Friday, March 27, 2015

LA, LB Ports Begin Supply Chain Talks

By Mark Edward Nero

Executives with the ports of Long Beach and Los Angeles held a kickoff meeting this week to begin working together to focus on cargo conveyance strategies that would enhance velocity and efficiency throughout their gateway’s supply chain, the ports confirmed March 25.

In their first meeting under the formal discussion agreement recently approved by the Federal Maritime Commission, ranking staff of the two San Pedro Bay ports agreed that the primary goal of the collaboration is to get cargo moving more efficiently.

The initial meeting, held at Port of Long Beach headquarters, set the stage to discuss a framework for how the ports will cooperate, work with stakeholders from throughout the supply chain and communicate the results of the efforts.

The meeting became possible when, at the end of February, the Federal Maritime Commission agreed to allow the two ports to cooperate on finding new ways to prevent congestion and cargo delays, improve the transportation network and enhance air quality. The decision came after several months of severe congestion and shipment delays caused by a number of factors.

“Through this working group, we will engage with our stakeholders to discuss issues and develop solutions for optimizing cargo flow through our ports,” Port of Los Angeles Executive Director Gene Seroka said.

“Our shared goal is to optimize the performance of the trans-Pacific supply chain,” said Port of Long Beach Chief Executive Officer Jon Slangerup. “I’m confident we will find ways to significantly increase the velocity of goods movement and overall efficiency of our end-to-end system.”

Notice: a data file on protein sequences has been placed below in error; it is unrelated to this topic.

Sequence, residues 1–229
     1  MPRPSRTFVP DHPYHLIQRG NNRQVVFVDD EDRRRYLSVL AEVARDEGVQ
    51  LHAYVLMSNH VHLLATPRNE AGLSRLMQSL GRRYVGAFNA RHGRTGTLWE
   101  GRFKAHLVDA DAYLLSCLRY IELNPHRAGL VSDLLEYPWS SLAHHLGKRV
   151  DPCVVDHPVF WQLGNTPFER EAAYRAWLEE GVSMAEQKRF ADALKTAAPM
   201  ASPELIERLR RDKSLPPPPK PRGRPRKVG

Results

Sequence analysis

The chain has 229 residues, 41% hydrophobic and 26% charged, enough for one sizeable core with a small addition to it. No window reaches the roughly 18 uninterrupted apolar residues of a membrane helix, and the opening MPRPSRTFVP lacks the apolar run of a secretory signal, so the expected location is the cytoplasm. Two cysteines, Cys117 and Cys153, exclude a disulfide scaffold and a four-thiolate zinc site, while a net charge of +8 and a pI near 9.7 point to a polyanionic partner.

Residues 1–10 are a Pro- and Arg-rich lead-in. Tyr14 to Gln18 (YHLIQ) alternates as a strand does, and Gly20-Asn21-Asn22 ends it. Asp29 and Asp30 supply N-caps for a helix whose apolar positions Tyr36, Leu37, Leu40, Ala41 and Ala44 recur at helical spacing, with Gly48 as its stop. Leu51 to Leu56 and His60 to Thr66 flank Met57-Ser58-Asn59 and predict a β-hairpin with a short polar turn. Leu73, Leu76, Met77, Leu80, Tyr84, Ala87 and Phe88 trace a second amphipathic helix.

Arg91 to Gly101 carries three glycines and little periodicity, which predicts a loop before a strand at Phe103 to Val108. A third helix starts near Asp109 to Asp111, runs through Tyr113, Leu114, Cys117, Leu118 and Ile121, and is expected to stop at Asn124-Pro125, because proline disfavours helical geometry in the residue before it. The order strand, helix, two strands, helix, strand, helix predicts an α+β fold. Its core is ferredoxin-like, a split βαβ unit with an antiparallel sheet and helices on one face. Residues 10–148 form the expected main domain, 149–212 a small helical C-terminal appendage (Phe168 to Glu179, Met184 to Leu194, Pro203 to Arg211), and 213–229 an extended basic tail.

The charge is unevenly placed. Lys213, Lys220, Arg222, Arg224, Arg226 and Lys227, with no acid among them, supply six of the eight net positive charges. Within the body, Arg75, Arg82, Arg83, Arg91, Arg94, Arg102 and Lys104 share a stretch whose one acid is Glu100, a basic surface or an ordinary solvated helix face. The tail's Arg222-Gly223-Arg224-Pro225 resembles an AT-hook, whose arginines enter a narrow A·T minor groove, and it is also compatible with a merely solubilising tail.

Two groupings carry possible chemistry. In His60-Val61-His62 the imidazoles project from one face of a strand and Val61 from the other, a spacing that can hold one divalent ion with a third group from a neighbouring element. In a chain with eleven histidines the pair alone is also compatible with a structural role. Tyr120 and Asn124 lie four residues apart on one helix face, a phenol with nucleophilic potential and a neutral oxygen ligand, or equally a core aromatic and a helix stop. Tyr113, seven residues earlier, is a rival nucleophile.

The ports have said they’ll discuss approaches to improving the efficiency of marine terminal, trucking, rail and vessel operations. They also plan to talk about legislative advocacy, security enhancements, infrastructure, technology and environmental improvements related to supply chain optimization.

The deployment of larger ships, coupled with a new level of vessel-sharing dynamics created by carrier alliances, has created congestion issues at many large ports, but the problems have been especially severe at the San Pedro Bay ports due to the higher volumes of intermodal cargo that flow through the gateway.

LA and Long Beach are the two largest ports in the US, first and second respectively, and combined are the ninth-largest port complex in the world. The two ports handle about 40 percent of the nation’s total containerized import traffic and 25 percent of its total exports.